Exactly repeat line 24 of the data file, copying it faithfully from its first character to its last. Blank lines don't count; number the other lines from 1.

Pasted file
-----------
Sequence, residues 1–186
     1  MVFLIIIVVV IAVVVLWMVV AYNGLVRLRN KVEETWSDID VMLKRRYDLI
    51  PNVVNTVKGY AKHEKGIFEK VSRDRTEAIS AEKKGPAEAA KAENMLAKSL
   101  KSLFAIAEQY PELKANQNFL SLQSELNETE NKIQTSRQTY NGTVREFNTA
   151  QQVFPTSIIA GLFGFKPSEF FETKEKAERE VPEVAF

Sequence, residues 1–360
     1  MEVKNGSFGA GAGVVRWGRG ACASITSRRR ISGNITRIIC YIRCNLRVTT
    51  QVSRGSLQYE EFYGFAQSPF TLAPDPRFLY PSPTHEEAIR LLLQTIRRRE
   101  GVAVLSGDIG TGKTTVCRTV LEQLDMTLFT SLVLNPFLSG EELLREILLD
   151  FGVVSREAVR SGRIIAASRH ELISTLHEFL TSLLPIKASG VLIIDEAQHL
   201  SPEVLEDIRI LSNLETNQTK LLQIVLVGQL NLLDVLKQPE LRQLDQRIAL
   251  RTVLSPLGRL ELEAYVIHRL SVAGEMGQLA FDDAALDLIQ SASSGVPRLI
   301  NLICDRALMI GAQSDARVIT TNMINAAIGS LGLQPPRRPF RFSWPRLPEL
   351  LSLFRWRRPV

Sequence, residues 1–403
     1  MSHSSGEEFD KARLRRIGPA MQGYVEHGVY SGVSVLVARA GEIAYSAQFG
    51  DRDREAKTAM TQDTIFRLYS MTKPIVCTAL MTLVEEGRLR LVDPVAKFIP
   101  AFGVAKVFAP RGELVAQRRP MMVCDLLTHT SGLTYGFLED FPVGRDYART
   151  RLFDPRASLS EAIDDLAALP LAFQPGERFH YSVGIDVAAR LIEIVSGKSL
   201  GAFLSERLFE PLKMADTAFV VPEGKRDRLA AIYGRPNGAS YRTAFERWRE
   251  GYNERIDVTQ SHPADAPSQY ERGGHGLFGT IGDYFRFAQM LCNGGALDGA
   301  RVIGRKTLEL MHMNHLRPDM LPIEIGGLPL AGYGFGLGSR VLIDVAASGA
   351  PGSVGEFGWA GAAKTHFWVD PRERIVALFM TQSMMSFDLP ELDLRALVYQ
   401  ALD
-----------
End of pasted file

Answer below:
   401  ALD